. Paul wants to work for a firm that demonstrates corporate social responsibility. Draw up a list of questions Paul could use in an interview to determine the level of commitment of potential employers.

The student should include questions addressing the ways in which the firm serves the various stakeholder groups identified in Exhibit 4.3 (employees and their families, current and potential customers, partners, competitors, the community, and the environment).

How would you distinguish a firm that practices corporate social responsibility from one that practices conscious marketing?

Although CSR is an important element of conscious marketing, it is not the same thing. The student should cite examples from Exhibit 4.2: How Conscious Marketing Differs from CSR.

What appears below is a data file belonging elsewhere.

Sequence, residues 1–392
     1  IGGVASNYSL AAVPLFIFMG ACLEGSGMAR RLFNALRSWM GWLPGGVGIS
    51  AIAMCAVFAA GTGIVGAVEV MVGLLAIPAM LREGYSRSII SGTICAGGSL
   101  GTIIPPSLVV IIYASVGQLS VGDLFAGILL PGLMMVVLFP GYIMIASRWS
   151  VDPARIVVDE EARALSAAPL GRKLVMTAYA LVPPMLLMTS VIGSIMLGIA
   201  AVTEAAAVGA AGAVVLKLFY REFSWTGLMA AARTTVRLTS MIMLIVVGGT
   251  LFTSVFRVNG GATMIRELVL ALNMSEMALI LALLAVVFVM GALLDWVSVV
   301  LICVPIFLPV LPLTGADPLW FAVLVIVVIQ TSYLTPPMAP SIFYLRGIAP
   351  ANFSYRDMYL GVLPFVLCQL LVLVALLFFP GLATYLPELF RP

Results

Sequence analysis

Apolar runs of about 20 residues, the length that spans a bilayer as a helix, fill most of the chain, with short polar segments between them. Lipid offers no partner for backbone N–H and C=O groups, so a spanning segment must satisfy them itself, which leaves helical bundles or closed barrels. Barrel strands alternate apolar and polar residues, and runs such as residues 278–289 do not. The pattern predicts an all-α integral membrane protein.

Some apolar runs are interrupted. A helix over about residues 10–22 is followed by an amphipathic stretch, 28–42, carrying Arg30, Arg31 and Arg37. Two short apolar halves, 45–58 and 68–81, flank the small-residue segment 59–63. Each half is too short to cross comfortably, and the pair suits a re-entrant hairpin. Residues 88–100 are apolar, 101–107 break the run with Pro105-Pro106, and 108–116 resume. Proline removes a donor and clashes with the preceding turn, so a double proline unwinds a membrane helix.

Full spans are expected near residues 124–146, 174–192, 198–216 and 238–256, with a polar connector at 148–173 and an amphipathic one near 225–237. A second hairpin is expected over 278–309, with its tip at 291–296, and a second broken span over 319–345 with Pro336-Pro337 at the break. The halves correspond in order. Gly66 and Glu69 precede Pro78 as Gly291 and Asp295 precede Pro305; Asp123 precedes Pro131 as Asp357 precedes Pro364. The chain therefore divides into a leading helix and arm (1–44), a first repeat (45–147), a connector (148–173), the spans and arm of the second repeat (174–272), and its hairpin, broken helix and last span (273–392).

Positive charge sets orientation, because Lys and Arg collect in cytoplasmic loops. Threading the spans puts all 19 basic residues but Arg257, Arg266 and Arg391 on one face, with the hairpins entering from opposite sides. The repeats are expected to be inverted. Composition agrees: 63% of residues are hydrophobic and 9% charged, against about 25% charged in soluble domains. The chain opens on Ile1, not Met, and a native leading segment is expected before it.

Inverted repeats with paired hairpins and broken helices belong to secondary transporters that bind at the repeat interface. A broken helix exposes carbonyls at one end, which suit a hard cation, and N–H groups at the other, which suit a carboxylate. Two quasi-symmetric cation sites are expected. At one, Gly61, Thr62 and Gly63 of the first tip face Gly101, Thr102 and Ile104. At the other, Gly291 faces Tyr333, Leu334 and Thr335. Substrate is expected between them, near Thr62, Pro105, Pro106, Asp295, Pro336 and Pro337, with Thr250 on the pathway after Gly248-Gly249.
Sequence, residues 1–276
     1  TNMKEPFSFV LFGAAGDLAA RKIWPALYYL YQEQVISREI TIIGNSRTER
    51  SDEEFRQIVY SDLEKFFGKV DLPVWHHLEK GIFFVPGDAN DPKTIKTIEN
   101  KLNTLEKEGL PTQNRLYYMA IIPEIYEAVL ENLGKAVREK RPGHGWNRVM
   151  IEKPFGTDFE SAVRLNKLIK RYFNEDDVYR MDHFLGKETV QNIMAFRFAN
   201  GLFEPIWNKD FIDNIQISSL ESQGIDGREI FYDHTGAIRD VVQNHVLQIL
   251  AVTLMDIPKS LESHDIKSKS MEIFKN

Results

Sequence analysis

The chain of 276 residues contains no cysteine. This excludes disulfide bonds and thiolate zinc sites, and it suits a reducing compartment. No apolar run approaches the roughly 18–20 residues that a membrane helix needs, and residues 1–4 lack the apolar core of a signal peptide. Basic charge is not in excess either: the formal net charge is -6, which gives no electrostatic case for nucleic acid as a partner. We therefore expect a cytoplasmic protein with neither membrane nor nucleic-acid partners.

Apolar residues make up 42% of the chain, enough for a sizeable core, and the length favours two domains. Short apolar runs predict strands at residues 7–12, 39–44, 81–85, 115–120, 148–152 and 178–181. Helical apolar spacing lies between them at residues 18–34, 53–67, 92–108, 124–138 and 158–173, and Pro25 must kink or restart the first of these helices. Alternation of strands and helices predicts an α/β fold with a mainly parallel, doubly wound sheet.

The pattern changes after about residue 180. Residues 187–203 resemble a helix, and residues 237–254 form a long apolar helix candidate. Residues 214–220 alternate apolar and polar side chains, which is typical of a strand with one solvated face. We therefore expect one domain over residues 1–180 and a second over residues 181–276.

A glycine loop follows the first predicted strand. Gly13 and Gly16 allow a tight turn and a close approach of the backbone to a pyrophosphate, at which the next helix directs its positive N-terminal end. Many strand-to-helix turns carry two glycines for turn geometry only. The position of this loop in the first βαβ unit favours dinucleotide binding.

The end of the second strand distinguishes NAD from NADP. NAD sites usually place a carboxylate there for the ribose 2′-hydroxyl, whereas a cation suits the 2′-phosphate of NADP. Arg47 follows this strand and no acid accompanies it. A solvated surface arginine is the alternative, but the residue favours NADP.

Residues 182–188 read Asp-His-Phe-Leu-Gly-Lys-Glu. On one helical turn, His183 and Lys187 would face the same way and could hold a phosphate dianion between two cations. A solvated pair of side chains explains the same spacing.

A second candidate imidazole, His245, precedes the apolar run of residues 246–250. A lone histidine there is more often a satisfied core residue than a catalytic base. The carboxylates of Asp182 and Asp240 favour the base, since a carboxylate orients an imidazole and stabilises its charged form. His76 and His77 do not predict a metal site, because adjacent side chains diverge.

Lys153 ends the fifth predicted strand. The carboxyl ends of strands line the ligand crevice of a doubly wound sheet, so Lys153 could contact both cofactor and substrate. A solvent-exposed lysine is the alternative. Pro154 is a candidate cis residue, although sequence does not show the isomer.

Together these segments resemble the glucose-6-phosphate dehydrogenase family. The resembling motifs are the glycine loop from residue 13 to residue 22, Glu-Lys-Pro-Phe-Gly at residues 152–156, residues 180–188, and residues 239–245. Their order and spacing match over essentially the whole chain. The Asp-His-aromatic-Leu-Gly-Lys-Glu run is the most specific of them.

When marketers work in controversial or polluting industries such as tobacco or fossil fuels, their central activities largely bar them from becoming conscious marketers. How might they engage in CSR in an effort to mitigate the damage that their products cause?

When marketers work in controversial or polluting industries such as tobacco or fossil fuels, their central activities largely bar them from becoming conscious marketers. However, they might engage in CSR in an effort to mitigate the damage that their products cause, such as when cigarette companies sponsor public information campaigns or oil companies plant trees to balance out their carbon footprint. In addition, these companies might undertake efforts in other sectors, such as donating time in local communities or guaranteeing fair wages, because they recognize the importance of such socially responsible efforts.

Avoiding a GMO label might help companies sell more of their products. Thus far, many food manufacturers seem to be fighting GMO labeling. However, in 2014 General Mills decided to make some of its products, such as Cheerios, completely free of GMOs, and Whole Foods has committed to issuing labels, by 2018, on all GMO-containing foods it sells. Who are the stakeholders in this situation?